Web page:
In the early 1930s, the Dow Chemical Company partnered with the Ethyl Gasoline Company to build a plant to extract bromine from seawater off the coast of North Carolina. Although bromine had a number of industrial uses at the time, its primary use then was in the manufacture of ethylene dibromide, an additive that reduced engine knock in gasoline and aviation fuel.
The plant was located on Dow Road, which followed the eastern bank of the Cape Fear River south of Wilmington. It covered 90 acres and began operation in January 1934. Back in Midland, Michigan, Alden B. Dow was just beginning his career as an architect, completing plans for the Earl Stein, Joseph Cavanagh, and F.W. Lewis residences. Perhaps at the encouragement of his brother Willard Dow, who was in charge of Dow Chemical Company at the time, Mr. Dow prepared drawings for two houses for the Ethyl-Dow Chemical Plant. While the drawings are undated and there are no related job files, six black and white photographs dated November 8, 1934 on the back show the construction of one of the two houses.
The photos match the drawings for an approximately 1,800 square foot one-story house with a rectangular floor plan. A letter in the Archives indicates this was the plant manager’s house. It had a two-level flat roof, a brick and stucco exterior, projecting eaves, and a large chimney mass. Two brick piers supported an extension of the roof that terminated in an open trellis with a large brick flower box below it. A narrow one-car garage was tucked next to the front entrance of the house. To the left of the entrance hallway were the living room and dining room. A brick fireplace was one step down in the living room. Off the dining room was a 12 foot by 10 foot screen porch with a flower box on the outside corner. The kitchen was adjacent to the dining room and there was a small maid’s room next to the kitchen.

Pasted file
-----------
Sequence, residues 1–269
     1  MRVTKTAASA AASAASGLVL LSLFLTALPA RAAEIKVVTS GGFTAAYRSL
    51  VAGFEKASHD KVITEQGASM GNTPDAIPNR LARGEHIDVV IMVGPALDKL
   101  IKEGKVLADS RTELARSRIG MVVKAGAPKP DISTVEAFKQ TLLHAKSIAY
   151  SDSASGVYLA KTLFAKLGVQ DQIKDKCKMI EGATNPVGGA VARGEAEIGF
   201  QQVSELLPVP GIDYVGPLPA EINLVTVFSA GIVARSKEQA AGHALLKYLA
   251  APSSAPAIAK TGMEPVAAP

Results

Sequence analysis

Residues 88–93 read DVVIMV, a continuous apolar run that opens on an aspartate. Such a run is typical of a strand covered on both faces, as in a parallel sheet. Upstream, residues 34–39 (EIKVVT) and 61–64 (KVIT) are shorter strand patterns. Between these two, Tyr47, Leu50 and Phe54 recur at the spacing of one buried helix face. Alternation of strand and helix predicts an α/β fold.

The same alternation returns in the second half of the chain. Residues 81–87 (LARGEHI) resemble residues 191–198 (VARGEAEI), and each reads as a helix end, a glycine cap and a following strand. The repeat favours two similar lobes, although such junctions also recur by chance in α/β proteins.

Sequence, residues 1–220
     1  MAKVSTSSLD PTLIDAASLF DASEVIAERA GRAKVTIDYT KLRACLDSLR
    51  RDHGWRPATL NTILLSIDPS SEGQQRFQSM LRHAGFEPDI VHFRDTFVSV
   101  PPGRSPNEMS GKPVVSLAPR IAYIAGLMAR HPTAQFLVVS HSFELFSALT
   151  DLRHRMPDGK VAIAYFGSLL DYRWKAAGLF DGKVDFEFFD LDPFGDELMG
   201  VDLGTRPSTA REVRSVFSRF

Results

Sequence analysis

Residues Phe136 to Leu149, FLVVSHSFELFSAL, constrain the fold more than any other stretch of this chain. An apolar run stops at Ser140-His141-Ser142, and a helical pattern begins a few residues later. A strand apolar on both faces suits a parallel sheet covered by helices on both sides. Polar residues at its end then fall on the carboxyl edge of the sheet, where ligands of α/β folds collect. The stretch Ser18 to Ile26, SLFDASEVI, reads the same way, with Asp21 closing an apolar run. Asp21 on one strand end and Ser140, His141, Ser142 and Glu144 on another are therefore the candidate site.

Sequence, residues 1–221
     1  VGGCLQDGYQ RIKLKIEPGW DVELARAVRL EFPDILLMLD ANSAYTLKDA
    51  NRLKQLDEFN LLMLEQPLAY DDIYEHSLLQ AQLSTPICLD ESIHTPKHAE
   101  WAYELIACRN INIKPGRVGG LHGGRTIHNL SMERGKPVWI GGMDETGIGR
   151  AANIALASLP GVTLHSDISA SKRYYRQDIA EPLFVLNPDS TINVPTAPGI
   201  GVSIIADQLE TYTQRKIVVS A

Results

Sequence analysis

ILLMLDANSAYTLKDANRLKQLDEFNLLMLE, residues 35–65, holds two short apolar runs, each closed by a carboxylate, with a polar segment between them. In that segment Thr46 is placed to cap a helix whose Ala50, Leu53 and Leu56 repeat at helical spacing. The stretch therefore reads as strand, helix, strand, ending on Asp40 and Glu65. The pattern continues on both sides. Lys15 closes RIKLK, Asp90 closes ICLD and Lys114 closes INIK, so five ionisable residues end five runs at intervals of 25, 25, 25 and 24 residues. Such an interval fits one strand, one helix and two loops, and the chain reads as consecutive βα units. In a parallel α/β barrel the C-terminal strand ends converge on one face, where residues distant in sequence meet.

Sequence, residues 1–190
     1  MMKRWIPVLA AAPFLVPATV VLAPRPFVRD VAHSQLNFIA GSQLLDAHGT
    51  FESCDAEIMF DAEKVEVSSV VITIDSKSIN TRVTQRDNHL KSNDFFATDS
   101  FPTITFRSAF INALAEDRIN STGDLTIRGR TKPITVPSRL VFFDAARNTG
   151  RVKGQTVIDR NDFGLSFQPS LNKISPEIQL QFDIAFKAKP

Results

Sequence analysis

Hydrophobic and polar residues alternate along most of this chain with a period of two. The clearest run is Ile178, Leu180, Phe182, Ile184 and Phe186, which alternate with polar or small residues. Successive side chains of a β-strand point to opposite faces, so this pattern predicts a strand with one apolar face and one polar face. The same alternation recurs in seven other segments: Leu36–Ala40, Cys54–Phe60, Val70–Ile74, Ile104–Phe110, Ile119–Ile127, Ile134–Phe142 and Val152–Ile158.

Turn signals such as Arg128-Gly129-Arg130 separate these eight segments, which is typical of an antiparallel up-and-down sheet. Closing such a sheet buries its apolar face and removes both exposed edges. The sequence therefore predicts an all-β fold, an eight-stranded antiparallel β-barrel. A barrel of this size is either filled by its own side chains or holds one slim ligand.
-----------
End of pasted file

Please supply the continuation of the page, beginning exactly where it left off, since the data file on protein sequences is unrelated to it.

To the right of the entrance hallway and up two steps were three bedrooms, one slightly larger than the other two. The drawings show brick flower boxes that wrapped around the outside of the bedrooms and were shaded by projecting trellises. Breaking the otherwise flat planes of brick and stucco was an interesting arrangement of fixed and casement windows of various sizes.
While there are no photographs of the second house, the drawings show a smaller two bedroom, 1,100 square foot one-story home with a square floor plan. It had a hip roof with shingles, a brick exterior, and a large chimney mass.
The Ethyl-Dow Plant closed in 1946 with the consolidation of bromine extraction at the Freeport/Lake Jackson facilities on the gulf coast of Texas. Over time, the plant fell into ruins and the area was hit by storms and hurricanes. No traces of either of Mr. Dow’s houses have been found.
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